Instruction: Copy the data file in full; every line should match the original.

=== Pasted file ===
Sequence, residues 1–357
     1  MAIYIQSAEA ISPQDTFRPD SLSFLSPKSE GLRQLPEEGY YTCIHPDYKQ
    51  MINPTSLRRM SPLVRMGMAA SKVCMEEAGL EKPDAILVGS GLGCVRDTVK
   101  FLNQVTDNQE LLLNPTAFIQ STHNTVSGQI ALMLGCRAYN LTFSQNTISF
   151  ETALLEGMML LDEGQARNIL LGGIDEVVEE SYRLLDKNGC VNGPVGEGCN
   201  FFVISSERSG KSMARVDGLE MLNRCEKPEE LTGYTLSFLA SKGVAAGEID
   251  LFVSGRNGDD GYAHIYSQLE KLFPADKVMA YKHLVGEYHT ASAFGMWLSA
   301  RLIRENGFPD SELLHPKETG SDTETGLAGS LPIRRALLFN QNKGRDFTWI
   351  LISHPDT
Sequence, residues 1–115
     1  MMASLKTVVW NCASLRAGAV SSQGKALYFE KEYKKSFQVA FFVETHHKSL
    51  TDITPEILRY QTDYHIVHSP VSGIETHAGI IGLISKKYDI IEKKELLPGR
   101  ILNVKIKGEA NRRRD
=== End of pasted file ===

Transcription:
Sequence, residues 1–357
     1  MAIYIQSAEA ISPQDTFRPD SLSFLSPKSE GLRQLPEEGY YTCIHPDYKQ
    51  MINPTSLRRM SPLVRMGMAA SKVCMEEAGL EKPDAILVGS GLGCVRDTVK
   101  FLNQVTDNQE LLLNPTAFIQ STHNTVSGQI ALMLGCRAYN LTFSQNTISF
   151  ETALLEGMML LDEGQARNIL LGGIDEVVEE SYRLLDKNGC VNGPVGEGCN
   201  FFVISSERSG KSMARVDGLE MLNRCEKPEE LTGYTLSFLA SKGVAAGEID
   251  LFVSGRNGDD GYAHIYSQLE KLFPADKVMA YKHLVGEYHT ASAFGMWLSA
   301  RLIRENGFPD SELLHPKETG SDTETGLAGS LPIRRALLFN QNKGRDFTWI
   351  LISHPDT
Sequence, residues 1–115
     1  MMASLKTVVW NCASLRAGAV SSQGKALYFE KEYKKSFQVA FFVETHHKSL
    51  TDITPEILRY QTDYHIVHSP VSGIETHAGI IGLISKKYDI IEKKELLPGR
   101  ILNVKIKGEA NRRRD